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# Steel Base Plate (with Small Moment)

### Design of Steel Base Plates with Small Moment

SkyCiv Steel Base Plate adopts the design approach modified design approach method consistent with the equations of static equilibrium and the LRFD method from modified by Doyle and Fisher (2005) and considers two type of base plate with moment:

1. Small Moment – the external loads is resisted by bearing only
2. Large Moment – the external loads is resisted by both anchor roads and bearing.

### Try SkyCiv Base Plate Calculator For Free:

General Design Procedure based AISC DG No. 1

Figure 1. Steel Base Plate Design Work Flow

1. Input the Axial load and moment at SkyCiv Steel Base Plate.
2. Input the base plate size at SkyCiv Steel Base Plate

$$A_{1} = N \times B$$

3. The module with calculates the equivalent eccentricity,

$$e = \frac{M}{N}$$

and the critical eccentricity,

$$e_{crit} = \frac{N}{2} – \frac{ P_{r} }{ 2 \times q_{max} }$$

4. The module with calculates the bearing length, Y.

5. The module with calculates the required minimum base plate thickness $$tp_{req}$$.

6. The module with calculates the anchor rod size (if required).

Design Steel Base Plate with Small Moments.

The SkyCiv Steel Base Plate considers the force diagram shown in Figure 2.

Figure 2. Steel Base Plate Equilibrium diagram for Small Momemts

The bearing upward force $$q$$ computes in the equation below:

$$q = f_{p} \times B$$

where:
$$f_{p}$$ = Bearing stress between the plate and concrete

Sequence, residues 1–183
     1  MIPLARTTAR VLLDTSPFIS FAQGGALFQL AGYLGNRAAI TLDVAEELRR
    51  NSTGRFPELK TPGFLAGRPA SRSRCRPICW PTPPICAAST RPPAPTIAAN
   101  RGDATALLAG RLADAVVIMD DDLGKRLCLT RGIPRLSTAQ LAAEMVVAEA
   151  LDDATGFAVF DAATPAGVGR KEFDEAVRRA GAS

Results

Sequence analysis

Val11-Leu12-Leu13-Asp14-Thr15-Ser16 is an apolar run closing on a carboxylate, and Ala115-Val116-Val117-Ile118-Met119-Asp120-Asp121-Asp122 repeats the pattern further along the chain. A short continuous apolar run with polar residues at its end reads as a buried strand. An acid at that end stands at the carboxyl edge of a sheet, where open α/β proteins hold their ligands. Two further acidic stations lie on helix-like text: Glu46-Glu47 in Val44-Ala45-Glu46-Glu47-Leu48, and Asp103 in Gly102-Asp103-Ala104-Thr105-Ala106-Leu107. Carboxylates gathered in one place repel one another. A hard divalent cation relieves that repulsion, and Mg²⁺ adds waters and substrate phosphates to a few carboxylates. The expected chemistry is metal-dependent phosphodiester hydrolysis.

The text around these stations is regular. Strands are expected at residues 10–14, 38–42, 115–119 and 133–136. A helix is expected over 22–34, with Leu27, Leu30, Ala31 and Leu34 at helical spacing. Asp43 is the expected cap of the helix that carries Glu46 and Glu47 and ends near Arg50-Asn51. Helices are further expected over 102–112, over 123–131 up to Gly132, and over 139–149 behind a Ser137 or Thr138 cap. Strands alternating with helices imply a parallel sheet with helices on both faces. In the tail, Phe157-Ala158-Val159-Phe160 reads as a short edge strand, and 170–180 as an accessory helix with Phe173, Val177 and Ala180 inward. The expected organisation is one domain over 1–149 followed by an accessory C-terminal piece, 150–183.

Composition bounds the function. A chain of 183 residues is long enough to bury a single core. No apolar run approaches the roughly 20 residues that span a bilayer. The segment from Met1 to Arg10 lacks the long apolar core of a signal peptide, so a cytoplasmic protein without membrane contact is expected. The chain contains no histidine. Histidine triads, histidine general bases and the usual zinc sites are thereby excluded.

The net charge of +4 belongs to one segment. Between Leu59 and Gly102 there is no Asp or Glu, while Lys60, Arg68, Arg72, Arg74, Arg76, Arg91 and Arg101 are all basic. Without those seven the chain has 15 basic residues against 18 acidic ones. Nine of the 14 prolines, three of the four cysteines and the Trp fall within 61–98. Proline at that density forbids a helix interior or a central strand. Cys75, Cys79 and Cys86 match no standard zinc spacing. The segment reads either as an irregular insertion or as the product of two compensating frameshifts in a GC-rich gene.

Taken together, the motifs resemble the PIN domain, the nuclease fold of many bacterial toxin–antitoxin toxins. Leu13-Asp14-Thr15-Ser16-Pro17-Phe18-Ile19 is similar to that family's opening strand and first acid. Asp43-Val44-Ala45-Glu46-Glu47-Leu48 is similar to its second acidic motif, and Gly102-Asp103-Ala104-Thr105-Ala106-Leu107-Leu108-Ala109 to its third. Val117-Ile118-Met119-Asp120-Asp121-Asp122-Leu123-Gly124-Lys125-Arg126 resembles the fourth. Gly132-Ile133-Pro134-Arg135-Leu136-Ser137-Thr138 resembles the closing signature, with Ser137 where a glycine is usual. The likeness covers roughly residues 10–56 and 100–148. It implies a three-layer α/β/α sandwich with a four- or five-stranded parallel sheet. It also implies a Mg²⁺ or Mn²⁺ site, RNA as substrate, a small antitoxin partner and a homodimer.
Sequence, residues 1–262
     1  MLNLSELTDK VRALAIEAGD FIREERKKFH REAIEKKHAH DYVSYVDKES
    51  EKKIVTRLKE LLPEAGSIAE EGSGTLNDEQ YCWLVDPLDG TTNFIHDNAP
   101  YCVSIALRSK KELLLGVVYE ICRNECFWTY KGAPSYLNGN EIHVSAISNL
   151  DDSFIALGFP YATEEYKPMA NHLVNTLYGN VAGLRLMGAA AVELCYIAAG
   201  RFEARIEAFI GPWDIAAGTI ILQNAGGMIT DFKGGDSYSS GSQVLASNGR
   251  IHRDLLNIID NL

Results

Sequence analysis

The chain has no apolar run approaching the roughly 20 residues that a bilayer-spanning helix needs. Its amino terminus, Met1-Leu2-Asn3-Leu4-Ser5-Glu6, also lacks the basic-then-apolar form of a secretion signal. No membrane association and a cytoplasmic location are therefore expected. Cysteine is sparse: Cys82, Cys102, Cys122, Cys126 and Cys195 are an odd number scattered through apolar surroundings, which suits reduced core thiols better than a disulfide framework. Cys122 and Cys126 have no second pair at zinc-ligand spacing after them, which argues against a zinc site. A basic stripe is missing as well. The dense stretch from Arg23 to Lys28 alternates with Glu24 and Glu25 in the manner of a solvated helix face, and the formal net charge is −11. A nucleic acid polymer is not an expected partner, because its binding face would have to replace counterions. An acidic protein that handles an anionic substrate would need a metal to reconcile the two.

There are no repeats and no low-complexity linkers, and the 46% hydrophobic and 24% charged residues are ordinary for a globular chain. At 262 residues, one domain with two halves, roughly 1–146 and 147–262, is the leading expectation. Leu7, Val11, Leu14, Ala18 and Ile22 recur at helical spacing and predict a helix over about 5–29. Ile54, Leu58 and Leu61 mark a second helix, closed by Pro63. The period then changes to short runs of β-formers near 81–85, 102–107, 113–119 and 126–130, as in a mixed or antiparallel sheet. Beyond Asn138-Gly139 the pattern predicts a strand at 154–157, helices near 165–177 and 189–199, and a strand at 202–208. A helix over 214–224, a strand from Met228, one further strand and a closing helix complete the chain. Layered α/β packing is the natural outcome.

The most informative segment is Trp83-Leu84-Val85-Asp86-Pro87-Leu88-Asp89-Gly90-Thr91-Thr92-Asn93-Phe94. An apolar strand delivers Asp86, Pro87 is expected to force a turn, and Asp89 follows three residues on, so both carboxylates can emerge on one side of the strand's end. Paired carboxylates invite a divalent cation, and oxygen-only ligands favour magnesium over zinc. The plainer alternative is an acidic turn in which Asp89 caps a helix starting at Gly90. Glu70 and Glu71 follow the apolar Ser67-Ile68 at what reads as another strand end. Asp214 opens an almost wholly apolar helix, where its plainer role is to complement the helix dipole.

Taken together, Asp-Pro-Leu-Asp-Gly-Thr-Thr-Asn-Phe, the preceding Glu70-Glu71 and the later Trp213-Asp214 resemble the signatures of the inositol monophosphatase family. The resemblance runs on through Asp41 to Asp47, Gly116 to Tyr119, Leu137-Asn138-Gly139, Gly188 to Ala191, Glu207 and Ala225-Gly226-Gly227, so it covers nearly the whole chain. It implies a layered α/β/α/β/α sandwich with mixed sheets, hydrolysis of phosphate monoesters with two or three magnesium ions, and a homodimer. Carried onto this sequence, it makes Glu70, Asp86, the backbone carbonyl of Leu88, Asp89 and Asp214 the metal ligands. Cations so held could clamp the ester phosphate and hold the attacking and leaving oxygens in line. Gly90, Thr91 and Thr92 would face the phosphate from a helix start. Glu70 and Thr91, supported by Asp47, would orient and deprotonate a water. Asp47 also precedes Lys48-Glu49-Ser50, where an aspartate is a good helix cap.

$$B$$ = Base Plate width

The force acts at the midpoint of bearing area, or $$\frac{Y}{2}$$ to the left of point A. The distance of the resultant to the right of the centerline of the plate, ε, is, therefore

$$ε = \frac{N}{2} – \frac{Y}{2}$$

It is clear that as the dimension Y decreases, ε increases. Y will reach its smallest value when q reaches its maximum:

$$Y_{min} = \frac{ P_{r} }{ q_{max} }$$

The expression, for the location of the resultant bearing force given in Equation 3.3.2 shows that ε reaches its maximum value when Y is minimum. Therefore

$$ε_{max} = \frac{N}{2} – \frac{ Y_{min} }{ 2 } = \frac{N}{2} – \frac{ P_{u} }{ 2 \times q_{max} }$$

For moment equilibrium, the line of action of the applied load, Pu, and that of the bearing force, qY must coincide; that is, e = ε.

$$e = \frac{M}{N}$$

exceeds the maximum value that ε can attain, the applied loads cannot be resisted by bearing alone and anchor rods will be in tension

Albert Pamonag, M.Eng
Structural Engineer, Product Development

## References

1. Steel Design Guide Base Plate and Anchor Rod Design Second Edition. American Institute of Steel Construction, 2006.